NASHVILLE, Tenn. (AP) — Some Tennessee Senate leaders have come out in support of President Donald Trump's push to ban bump stocks and bar those under 21 from buying semi-automatic rifles, and want additional discussion at the state level. But support from the state House's Republican leadership has been more tepid.

On Thursday, Senate Speaker Randy McNally and Republican Caucus Chairman Bill Ketron said they support those two gun limitations, which Trump has encouraged in the aftermath of a Florida school shooting this month that killed 17 people. Senate Majority Leader Mark Norris of Collierville said he wants the issues discussed in the statehouse during the ongoing legislative session.

"I think the president is headed in the right direction," McNally, an Oak Ridge Republican, told reporters Thursday.

Republican Gov. Bill Haslam likewise believes that both proposals should be considered, said his spokeswoman, Kate Derrick.

Trump's gun proposals have drawn mixed reviews. The National Rifle Association, an influential force with state and federal elected officials, opposes raising the age limit for buying semi-automatic rifles.

After the Las Vegas concert shooting that killed 58 people last year, the NRA called for reviewing and further regulating bump stocks, which the shooter used to make semi-automatic rifles mimic machine guns. But the group stopped short of calling for a ban on their sale.

In the Tennessee House, Speaker Beth Harwell said Trump's support of a bump stock ban makes it more high profile and gives it more credibility, but she said she needs to study the issue further. She didn't take a stance on raising the age for semi-automatic rifles.

House Majority Leader Glen Casada and Republican Caucus Chairman Ryan Williams likewise didn't take a hard position on the two issues.

"We appreciate President Trump's efforts at the federal level on this important issue and are open to hearing more about his ideas and having meaningful discussions here in Tennessee," the two Republicans said in a statement. "We are committed to upholding current laws that help keep guns out of the hands of criminals and those who suffer from mental illness. At the same time, we must do all we can in order to protect the Second Amendment rights of our law-abiding citizens."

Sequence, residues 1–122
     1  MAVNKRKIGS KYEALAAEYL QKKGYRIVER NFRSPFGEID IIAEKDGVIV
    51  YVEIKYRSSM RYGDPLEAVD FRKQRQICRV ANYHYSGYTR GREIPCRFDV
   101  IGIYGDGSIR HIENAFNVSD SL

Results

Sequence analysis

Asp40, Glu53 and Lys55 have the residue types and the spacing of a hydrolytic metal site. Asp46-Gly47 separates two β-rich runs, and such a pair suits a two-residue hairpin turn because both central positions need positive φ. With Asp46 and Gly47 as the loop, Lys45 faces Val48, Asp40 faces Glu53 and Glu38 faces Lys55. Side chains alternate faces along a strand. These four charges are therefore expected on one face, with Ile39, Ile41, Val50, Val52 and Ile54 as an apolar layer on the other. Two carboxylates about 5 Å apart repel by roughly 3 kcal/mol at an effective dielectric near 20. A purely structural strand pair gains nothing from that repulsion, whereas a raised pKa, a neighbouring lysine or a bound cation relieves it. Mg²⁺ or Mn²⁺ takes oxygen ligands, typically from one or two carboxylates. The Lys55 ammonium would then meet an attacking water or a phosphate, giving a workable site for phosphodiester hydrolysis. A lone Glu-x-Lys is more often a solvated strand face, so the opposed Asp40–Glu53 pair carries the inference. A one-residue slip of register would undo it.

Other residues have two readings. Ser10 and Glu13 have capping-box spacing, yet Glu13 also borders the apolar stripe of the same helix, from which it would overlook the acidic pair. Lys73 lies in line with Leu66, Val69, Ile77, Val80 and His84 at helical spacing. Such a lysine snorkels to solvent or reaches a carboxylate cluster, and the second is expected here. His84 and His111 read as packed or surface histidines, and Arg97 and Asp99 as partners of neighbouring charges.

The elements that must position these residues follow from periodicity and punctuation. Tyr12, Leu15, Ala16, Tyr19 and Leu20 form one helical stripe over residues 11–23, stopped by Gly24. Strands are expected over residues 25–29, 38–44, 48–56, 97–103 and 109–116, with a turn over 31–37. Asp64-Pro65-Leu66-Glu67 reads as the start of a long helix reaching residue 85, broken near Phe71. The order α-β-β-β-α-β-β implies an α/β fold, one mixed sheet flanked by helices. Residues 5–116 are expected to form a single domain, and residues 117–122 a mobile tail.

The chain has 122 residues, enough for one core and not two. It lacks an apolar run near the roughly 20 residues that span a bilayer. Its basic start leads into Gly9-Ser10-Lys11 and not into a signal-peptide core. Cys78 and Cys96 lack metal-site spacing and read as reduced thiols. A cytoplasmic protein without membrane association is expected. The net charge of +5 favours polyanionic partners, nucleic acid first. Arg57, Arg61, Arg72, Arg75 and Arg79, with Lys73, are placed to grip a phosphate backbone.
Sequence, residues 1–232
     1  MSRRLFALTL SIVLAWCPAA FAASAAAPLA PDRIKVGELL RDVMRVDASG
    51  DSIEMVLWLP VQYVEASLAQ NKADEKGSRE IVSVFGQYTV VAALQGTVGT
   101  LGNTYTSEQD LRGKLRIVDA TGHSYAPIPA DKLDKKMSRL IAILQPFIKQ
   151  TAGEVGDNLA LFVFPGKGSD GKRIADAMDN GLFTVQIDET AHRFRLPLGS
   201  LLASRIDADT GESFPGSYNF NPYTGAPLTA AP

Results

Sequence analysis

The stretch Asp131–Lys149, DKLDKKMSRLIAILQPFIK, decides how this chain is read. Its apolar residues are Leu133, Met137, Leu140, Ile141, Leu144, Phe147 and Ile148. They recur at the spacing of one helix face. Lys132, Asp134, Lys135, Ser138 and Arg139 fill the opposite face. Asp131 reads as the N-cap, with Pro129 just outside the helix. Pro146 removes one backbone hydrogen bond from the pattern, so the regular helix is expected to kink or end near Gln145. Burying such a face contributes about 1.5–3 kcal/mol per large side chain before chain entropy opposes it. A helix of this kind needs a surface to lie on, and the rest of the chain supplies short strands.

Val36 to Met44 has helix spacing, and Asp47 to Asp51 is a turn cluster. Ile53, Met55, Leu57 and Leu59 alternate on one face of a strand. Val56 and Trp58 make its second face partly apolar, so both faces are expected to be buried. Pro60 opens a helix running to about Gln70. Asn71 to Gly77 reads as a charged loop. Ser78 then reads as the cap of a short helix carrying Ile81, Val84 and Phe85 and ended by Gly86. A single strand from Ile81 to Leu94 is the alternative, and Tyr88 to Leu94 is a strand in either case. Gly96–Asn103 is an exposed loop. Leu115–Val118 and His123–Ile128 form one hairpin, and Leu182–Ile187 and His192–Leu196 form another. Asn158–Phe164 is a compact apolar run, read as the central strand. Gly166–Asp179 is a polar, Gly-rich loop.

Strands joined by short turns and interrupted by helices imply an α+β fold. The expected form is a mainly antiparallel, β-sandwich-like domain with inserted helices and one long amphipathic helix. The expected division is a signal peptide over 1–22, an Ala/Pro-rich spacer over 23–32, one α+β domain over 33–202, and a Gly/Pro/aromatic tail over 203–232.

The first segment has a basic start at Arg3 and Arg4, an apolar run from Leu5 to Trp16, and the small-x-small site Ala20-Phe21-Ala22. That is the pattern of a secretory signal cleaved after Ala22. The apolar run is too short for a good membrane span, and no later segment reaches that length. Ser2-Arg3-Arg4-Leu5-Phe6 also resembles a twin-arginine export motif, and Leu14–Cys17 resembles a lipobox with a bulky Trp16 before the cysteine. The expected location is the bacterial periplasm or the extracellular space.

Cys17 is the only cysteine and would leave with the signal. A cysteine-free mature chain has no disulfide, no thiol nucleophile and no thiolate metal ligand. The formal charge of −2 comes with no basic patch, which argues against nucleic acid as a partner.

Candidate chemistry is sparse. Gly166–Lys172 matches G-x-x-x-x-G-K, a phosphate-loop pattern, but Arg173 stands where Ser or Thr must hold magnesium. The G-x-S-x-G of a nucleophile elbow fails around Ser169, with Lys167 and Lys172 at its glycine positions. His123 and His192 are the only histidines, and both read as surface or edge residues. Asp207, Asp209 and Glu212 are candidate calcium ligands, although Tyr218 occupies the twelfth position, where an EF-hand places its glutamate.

In line with Trump's idea to arm more teachers, Tennessee Senate Republican leaders expressed interest in making it less burdensome for teachers to carry guns under existing state law. A 2013 law lets school districts choose if they want to let teachers with handgun carry permits to bring guns into schools. But they must be trained by the state Peace Officer Standards Training Commission, or POST, which trains police officers.

Ketron said lawmakers could consider legislation to let a third-party group perform the training, since POST training can be prohibitively expensive.

"You can probably count on two hands the ones that are POST-certified as teachers," the Murfreesboro senator said.

Democratic lawmakers in Tennessee aren't in favor of arming more teachers in schools, saying it assumes more shootings are inevitable and burdens teachers with an unwanted, grave responsibility. But Democrats who have long called for gun control action see some middle ground with Republicans.

Rep. Dwayne Thompson, a Cordova Democrat, has legislation to ban bump stocks. He said he's willing to amend it to instead require them to be registered; limit use to only within licensed shooting ranges; and bar people who have been convicted of a violent crime from buying them.

"We're looking for any areas where we can get compromise and get something passed that is actually going to make a difference for kids," said Senate Democratic Caucus Chairman Jeff Yarbro of Nashville.